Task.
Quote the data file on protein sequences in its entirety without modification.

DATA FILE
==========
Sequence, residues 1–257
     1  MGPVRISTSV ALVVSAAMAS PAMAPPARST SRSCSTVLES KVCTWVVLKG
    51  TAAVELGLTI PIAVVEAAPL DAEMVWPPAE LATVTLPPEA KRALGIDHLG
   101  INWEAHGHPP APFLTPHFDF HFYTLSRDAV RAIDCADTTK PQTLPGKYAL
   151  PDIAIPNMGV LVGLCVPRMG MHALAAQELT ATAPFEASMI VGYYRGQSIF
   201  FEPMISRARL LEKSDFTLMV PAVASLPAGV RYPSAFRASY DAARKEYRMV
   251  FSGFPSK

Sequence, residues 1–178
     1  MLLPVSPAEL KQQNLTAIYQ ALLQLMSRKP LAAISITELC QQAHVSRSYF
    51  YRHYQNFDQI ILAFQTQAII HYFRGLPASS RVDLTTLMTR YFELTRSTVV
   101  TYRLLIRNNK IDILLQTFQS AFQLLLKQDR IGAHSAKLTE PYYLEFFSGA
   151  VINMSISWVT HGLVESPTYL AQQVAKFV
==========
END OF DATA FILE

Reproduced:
Sequence, residues 1–257
     1  MGPVRISTSV ALVVSAAMAS PAMAPPARST SRSCSTVLES KVCTWVVLKG
    51  TAAVELGLTI PIAVVEAAPL DAEMVWPPAE LATVTLPPEA KRALGIDHLG
   101  INWEAHGHPP APFLTPHFDF HFYTLSRDAV RAIDCADTTK PQTLPGKYAL
   151  PDIAIPNMGV LVGLCVPRMG MHALAAQELT ATAPFEASMI VGYYRGQSIF
   201  FEPMISRARL LEKSDFTLMV PAVASLPAGV RYPSAFRASY DAARKEYRMV
   251  FSGFPSK

Sequence, residues 1–178
     1  MLLPVSPAEL KQQNLTAIYQ ALLQLMSRKP LAAISITELC QQAHVSRSYF
    51  YRHYQNFDQI ILAFQTQAII HYFRGLPASS RVDLTTLMTR YFELTRSTVV
   101  TYRLLIRNNK IDILLQTFQS AFQLLLKQDR IGAHSAKLTE PYYLEFFSGA
   151  VINMSISWVT HGLVESPTYL AQQVAKFV